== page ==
Home' Trinidad and Tobago Guardian : January 22nd 2015 Contents What Heritage and
That s the ques-
tion you may be
headline above. Especially as, in the wake of
falling oil and gas prices, the Minister of Finance
has told us that the Government is not seeking
to access the Heritage and Stabilisation Fund
Therein lies part of the fiasco since it begs
the question: if not now when? It further begs
the question: why do we have a stabilisation
fund in the first place?
Note that at issue here is the stabilisation
element not the heritage requirement.
Finally, you have the fiasco associated with
how we have funded the HSF.
The dictionary definition of stabilisation is
to make stable, hold firm and limit fluctuations.
In the context of this discussion we have expe-
rienced a fall in oil prices and, to some extent,
natural gas prices. This fall in oil prices is to
the tune of over 50 per cent in less than six
months. The majority of the fall is coming
after the budget for the year was read in Sep-
tember 2014 and the programme of expenditure
for 2015 outlined.
The last time there was a decline in oil prices
of this nature and magnitude was in 1986,
almost 30 years ago. Clearly what is occurring
now can best be described as an outlier event,
one outside the realm of the annual budgeting
In such circumstances, one would expect
that where there is a fund designed to stabilise
short falls in revenues so as to manage the
volatility associated with wild intra-year swings
in energy prices, one would access such a fund
in a time such as this.
Let me be clear. I am not in favour of tapping
into our HSF. I believe that the fund is still
too small in size. My argument is that if we
are not going to use it now, then we should
drop the "stabilisation" element of the fund
The fund, as it is currently configured, is
designed in part to address situations such as
the one we currently find ourselves. The impli-
cation for sharp and unexpected intra-year
changes in our budgets can be quite debili-
It is well understood that the T&T economy
is heavily dependent on government expen-
diture. Government spending directly accounts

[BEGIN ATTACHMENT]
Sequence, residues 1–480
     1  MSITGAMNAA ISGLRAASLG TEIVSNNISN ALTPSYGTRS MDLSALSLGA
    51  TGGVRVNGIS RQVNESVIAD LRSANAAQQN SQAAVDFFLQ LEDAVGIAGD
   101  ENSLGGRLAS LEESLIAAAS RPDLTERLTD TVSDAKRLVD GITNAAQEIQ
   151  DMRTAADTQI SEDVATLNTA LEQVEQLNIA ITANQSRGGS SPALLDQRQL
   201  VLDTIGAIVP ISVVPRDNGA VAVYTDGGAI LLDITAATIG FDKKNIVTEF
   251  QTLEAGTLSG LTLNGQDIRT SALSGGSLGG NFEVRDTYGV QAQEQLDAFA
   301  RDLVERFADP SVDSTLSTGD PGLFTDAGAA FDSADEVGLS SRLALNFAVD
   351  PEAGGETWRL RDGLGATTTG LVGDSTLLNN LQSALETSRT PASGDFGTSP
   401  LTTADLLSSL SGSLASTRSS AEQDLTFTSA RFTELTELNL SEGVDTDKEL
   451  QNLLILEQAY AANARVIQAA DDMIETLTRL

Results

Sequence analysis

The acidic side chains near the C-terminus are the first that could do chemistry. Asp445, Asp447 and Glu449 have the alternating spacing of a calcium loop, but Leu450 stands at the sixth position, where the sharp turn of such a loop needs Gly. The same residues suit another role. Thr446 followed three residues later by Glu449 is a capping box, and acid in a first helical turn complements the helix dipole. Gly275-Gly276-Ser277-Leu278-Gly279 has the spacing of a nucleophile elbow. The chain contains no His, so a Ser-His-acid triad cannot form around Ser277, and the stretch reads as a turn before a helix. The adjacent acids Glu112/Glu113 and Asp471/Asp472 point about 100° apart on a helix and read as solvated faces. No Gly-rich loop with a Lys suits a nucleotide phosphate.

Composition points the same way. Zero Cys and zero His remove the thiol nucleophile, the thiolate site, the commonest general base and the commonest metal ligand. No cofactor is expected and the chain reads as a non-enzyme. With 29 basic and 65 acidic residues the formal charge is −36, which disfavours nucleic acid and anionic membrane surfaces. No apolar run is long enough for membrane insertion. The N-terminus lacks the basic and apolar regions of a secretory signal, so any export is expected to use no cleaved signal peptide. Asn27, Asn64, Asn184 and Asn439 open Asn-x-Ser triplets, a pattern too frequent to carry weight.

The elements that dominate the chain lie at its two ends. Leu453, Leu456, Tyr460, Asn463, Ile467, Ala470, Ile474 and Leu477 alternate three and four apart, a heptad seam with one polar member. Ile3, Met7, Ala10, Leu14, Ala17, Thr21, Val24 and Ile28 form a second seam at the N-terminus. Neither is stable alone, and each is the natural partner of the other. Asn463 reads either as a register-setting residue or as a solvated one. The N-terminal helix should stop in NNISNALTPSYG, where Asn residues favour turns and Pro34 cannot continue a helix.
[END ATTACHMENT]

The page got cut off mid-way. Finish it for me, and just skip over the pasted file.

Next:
for around 35 per cent of gross domestic prod-
uct (GDP) so a market reduction in spending
is going to negatively impact GDP. Year-on-
year GDP is the basis upon which we determine
whether we are in a recession or not.
Steep cuts will result in less private sector
business activity. In many instances, this can
result in job losses. Eventually individuals will
also cut back on expenses, all resulting in fur-
ther reductions in economic activity that can
impact everything right through to property
Once this rut sets in it will take a significant
uptick in government expenditures in the
future to cause economic activity to rebound.
If this story sounds familiar, this is exactly
what we have experienced since 2009. After
the economy slowed it took elevated and record
levels of government expenditure to bring the
economy out of recession. These record expen-
ditures have outpaced our revenues to the
extent that for the past seven years we have
had budget deficits.
If we were to adopt the approach of bor-
rowing to spend in order to shore up economic
activity (Keynesian economics) but without
the necessary structural reforms that politicians
are loath to engage in a democracy, we will
continue to dig a bigger debt hole for ourselves.
For all that has been expended, to date, the
situation regarding economic growth is still
tenuous. GDP per capita have not recovered
to 2008 levels. The GDP per capita is obtained
by dividing GDP, adjusted for inflation by the
At the end of 2008 we were at US$15,055,
the following year, 2009, it fell to $14,328 and,
at the end of 2014, we have just gotten back
to 2009 levels at $14,370 but still below where
we were at in 2008.
If we appreciate that momentum plays a
big part in ongoing economic activity, the
boom bust cycles that we subject ourselves
to only results in more and more lost ground
The problem is that the HSF as it is currently
configured presents a type of moral hazard
for the country. Politicians have given them-
selves access to levels of stabilisation funding
that allows for some measure of irresponsibility
in the short term.
If we are not going to tap into the HSF in
the current situation then there should be